Is the FO really the place for Gove? I would think not. Its not a major role these days given so much international stuff is done at PM level. The FO could certainly do with a serious shake up but its hardly a priority. And then there is the flying thing. I would really like to see him at the Home Office, but then I'd rather see almost anyone than Patel at the Home Office.

    Gove at the Home Office would be interesting. He has shown in the past he is willing to act counter to the wishes of the hang em and flog em brigade and his last stint as Justice Secretary was widely praised for reversing some of the idiocies of his predecessor Grayling and also his general attitude to prison reform.
    Indeed. We need a politician who is brave enough to take on the hopelessly self defeating and lethal drug policies that come from the Misuse of Drugs Act. I really cannot think of any other front line politician in any party who would have the balls to do that. Maybe Ed Davey.
    I must admit it is a surprise that there is not stronger political momentum to legalise cannabis in the UK. Seems such an obvious thing to do and wouldn’t even be too controversial at this point.
    Whilst that is an obvious no brainer it is not cannabis that is killing more than 3 Scots a day.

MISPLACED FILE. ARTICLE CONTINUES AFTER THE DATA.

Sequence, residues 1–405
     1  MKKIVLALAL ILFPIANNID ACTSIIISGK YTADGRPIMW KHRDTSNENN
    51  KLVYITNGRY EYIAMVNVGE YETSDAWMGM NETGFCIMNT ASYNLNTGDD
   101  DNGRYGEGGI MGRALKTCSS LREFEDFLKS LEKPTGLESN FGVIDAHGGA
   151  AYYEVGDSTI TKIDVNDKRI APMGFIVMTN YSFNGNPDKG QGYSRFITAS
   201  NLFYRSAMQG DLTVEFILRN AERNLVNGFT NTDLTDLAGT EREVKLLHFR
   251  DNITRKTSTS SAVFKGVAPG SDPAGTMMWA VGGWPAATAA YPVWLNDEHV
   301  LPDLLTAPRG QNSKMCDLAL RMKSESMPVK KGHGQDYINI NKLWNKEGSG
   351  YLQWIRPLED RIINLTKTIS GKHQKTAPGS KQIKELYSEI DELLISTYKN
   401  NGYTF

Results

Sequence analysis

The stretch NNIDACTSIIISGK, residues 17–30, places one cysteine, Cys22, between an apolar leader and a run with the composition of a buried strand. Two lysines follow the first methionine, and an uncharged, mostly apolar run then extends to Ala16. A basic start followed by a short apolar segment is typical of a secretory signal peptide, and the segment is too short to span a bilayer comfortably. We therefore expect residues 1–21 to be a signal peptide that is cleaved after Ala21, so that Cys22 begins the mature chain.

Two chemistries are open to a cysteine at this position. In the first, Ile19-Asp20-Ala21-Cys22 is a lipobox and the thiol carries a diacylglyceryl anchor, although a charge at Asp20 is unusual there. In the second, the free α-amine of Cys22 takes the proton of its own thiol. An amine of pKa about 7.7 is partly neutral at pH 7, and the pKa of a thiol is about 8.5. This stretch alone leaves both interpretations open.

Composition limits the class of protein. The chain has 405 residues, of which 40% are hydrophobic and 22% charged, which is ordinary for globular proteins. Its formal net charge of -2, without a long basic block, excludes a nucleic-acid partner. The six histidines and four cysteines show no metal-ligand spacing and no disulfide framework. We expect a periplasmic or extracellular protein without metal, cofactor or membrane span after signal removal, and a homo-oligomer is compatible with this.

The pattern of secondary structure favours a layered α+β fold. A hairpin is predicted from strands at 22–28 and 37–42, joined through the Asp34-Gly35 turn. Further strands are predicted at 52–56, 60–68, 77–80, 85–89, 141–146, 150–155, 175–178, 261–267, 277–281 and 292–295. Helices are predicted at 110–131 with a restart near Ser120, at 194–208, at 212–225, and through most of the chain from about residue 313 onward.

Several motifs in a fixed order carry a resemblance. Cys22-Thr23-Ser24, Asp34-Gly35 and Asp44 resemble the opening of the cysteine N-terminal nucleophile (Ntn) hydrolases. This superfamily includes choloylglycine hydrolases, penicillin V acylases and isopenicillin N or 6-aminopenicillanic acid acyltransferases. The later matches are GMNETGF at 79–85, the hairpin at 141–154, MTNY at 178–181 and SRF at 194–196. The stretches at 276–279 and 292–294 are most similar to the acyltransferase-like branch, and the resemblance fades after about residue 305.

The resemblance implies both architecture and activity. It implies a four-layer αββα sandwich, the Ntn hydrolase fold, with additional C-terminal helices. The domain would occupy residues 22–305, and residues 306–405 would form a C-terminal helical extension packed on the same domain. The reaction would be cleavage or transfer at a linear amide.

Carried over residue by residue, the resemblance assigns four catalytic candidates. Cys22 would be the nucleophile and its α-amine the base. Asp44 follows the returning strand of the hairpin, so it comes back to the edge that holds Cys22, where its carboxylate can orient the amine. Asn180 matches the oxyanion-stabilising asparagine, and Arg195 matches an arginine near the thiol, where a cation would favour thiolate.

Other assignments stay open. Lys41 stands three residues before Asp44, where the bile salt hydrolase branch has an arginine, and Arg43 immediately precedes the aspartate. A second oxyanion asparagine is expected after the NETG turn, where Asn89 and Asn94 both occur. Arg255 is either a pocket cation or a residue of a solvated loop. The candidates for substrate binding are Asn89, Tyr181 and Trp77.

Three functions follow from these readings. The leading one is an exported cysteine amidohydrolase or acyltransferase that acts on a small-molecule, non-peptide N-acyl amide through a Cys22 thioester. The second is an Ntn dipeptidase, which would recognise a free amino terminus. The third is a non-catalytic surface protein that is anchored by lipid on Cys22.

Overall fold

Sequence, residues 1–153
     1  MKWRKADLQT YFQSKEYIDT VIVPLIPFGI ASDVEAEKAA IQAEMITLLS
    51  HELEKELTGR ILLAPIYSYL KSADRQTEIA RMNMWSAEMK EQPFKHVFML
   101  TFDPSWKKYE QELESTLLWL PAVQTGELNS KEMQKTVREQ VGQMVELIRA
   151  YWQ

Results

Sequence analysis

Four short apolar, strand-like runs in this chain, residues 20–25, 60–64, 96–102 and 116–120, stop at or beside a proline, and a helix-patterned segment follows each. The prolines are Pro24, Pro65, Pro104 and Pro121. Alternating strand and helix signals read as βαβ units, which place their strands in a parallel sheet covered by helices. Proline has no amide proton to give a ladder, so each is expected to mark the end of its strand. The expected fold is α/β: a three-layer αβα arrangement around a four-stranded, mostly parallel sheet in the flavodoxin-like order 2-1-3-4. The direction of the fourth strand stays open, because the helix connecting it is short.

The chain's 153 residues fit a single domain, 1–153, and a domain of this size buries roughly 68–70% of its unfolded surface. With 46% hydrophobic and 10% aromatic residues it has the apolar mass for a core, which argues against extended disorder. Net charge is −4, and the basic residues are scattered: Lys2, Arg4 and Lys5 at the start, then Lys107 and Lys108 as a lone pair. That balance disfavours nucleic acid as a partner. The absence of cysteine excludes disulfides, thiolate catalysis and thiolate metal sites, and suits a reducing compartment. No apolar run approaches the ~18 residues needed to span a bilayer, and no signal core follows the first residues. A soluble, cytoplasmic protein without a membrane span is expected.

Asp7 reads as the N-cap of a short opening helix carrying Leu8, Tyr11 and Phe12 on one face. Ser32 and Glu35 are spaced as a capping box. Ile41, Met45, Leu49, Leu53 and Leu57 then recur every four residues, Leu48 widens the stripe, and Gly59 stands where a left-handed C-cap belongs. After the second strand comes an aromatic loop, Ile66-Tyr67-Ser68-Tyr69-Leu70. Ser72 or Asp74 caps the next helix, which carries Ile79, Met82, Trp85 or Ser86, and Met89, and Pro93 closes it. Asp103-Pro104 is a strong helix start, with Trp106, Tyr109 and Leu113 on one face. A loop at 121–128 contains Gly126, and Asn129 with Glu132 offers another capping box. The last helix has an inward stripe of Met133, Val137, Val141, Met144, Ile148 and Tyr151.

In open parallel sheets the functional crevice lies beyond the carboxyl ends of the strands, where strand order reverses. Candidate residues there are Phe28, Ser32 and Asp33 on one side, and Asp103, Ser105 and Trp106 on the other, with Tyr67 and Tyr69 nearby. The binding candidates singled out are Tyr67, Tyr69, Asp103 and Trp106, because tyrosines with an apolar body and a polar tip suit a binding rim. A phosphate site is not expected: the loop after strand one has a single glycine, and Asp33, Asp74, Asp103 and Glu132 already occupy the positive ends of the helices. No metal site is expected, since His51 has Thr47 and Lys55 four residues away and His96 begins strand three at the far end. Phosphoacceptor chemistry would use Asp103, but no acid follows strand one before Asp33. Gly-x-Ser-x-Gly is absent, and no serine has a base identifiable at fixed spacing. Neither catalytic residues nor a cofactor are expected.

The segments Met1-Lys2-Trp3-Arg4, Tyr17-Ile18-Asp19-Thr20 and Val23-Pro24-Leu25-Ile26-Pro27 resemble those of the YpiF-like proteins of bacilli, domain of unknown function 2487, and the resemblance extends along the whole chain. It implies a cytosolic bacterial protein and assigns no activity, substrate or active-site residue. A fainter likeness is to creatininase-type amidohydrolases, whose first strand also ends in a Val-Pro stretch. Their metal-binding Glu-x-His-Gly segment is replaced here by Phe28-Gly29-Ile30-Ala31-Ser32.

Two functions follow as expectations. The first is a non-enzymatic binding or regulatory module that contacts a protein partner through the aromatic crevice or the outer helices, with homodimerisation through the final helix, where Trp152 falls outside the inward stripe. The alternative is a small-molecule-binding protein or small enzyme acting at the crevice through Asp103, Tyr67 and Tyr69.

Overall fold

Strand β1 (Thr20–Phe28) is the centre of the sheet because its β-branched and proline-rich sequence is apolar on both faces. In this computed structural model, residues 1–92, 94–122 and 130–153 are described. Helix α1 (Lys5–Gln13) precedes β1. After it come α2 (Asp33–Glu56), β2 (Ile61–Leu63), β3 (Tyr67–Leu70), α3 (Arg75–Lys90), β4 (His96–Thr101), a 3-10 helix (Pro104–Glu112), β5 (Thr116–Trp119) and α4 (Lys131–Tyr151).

I think including the words "no-brainer" and cannabis in the same sentence is telling.
    Personally I agree and would never touch the stuff but that is a different question of whether it should be illegal. At the moment it is a dangerous gateway drug to more serious things sold by evil people who don't even complete their tax returns properly. We have more and more powerful versions introduced in a completely unregulated way with people having little idea what they are buying. It is the worst of all worlds.
  • DavidLDavidL Posts: 44,451

    DavidL said:

    Scott_xP said:

    DavidL said:

    Brexit is no longer a major issue

    Food manufacturers and restaurants are scrambling to recruit prisoners to help ease the “desperate” shortage of workers caused by Covid-19 and Brexit.
    https://www.thetimes.co.uk/article/shops-farms-and-restaurants-turn-to-prisons-to-fill-staff-shortages-j2qgd38td
    We did this to death yesterday Scott. A shortage of labour is a good thing. It drives up wages of the low paid, it encourages investment, training and the boosting of productivity. It gives prisoners, for example, a way out of recidivism. It is a better alternative than mickey mouse courses for many of our young.

    We have 5-6m Europeans with residency rights here, most of working age. That really should be enough.
    How long ago was it when Scott was pasting predictions of mass unemployment ?